Posted: 09/15/2008


Man, Woman, and the Wall


by Jef Burnham

Now available on DVD from TLA Releasing.

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We’ve all been in this situation. We are on the bus, train, or in line at the grocery store and a person in front of us or behind us is talking loudly about their personal business. Or perhaps you pick up your cordless phone and realize it is picking up another cordless phone’s signal. And what do we do? We listen, and maybe we imagine what the personal lives of these people must be like— where they live, what they eat, etc. It’s innocent and inevitable that these things occur. And this is the position Ryo finds himself in in the Japanese film, Man, Woman, and the Wall.

Ryo has moved into a new apartment, which is a step up from his old dwelling since it actually has a bathtub. The first night in residence, he realizes that the wall between his apartment and the adjoining one, inhabited by a twenty-something workaholic named Satsuki, is paper-thin. What begins as innocent and unavoidable eavesdropping quickly finds Ryo buying a microphone and searching the neighborhood for her place of employment.

Typically these stories end in the stalker becoming jealous or destructive, climaxing in an attack upon the unsuspecting target of his/her affections; but that is not the case here. What director Masashi Yamamoto depicts is a story of love— the real love a stalker feels, even if it is only the love of a fantasy character created out of the bits and pieces of information they know about their victim.

Ryo is Yamamoto’s theoretical “nice” eavesdropper or peeping tom. The challenge of portraying him as essentially benign is that it required a deviation on the story of the perpetual stalker that would allay all suspicions from Ryo. Cleverly, Yamamoto introduces a “bad” stalker to the equation. Another eavesdropper has installed a camera and a microphone in Satsuki’s apartment and places obscene phone calls from a car in front of the building to frighten her. At that point, we understand the difference between Ryo’s misguided though romantic intentions and the malicious ones we have come to expect, and we begin to root for a confrontation between Ryo and the mysterious stalker that would leave Ryo in Satsuki’s good graces.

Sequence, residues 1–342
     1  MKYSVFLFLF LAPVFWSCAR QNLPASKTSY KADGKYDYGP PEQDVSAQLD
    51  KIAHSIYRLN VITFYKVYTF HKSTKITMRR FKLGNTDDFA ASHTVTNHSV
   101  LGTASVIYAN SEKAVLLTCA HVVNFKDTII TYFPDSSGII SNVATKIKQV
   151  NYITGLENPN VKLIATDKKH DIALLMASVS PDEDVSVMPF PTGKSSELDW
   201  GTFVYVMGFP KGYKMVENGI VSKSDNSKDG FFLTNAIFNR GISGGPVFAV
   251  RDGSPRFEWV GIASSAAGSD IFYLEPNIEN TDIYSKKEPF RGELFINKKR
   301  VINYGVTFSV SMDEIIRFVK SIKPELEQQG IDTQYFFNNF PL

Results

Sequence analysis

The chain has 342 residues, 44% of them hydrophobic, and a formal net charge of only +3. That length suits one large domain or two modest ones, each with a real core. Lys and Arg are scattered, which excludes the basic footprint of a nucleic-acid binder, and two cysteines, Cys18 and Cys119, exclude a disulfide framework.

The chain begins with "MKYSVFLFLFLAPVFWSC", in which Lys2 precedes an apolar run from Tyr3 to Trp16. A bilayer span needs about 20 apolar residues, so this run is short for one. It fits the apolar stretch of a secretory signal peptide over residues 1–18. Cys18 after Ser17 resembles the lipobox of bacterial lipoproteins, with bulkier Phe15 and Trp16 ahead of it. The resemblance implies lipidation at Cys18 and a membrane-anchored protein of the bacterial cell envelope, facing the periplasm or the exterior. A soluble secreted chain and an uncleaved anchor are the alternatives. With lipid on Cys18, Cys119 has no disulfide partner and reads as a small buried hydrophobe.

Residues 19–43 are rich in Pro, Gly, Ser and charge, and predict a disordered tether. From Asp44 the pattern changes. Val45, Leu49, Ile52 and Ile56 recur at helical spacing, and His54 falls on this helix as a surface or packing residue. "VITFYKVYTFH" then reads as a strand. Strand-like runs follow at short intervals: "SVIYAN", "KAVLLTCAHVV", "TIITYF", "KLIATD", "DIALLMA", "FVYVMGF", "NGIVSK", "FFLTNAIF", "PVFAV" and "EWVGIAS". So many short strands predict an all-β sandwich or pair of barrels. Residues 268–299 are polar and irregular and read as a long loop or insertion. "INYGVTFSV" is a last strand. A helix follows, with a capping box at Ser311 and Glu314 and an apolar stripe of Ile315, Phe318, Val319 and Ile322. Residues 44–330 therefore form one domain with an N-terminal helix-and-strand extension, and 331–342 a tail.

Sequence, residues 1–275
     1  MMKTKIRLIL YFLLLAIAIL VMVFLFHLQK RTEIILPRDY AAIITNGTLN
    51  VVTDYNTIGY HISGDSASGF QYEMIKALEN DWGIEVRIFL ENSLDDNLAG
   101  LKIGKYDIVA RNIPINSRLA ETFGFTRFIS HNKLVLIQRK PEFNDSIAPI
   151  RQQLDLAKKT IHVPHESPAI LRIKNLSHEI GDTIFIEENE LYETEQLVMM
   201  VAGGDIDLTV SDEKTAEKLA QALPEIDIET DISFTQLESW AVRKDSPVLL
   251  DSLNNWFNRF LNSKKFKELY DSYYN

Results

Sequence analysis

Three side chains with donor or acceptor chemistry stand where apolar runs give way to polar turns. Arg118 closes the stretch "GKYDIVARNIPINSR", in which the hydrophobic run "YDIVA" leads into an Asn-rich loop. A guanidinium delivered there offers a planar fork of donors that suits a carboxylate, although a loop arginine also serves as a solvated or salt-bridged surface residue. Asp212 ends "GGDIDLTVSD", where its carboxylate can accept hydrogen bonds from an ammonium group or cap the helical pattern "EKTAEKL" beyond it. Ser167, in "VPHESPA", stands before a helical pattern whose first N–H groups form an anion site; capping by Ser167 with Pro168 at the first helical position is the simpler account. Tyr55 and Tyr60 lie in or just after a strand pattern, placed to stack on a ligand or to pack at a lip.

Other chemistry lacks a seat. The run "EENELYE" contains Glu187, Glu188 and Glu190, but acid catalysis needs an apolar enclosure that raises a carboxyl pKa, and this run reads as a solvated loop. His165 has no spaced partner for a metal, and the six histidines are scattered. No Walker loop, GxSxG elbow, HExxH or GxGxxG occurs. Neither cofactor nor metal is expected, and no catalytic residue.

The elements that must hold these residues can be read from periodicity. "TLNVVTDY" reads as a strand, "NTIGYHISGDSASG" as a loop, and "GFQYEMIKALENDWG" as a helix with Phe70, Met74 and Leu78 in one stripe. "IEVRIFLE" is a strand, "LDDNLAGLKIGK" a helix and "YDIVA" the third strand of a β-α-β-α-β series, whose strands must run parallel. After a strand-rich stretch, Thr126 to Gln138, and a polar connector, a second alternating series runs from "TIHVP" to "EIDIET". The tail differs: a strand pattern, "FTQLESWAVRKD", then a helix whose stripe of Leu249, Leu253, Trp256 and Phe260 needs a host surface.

Those more temperamental about sexuality in cinema may want to avoid Man, Woman, and the Wall. The film is steeped in eroticism. However, though there is plenty of nudity and actual sex in the film, sound is the piece’s true erotic core. Every noise emanating from Satsuki’s apartment becomes sensual, from the sound of water splashing off her body in the shower, to the sounds her eating dinner or the simple swish of her laundry landing in the hamper.

Jef Burnham is a writer and film critic in Chicago.

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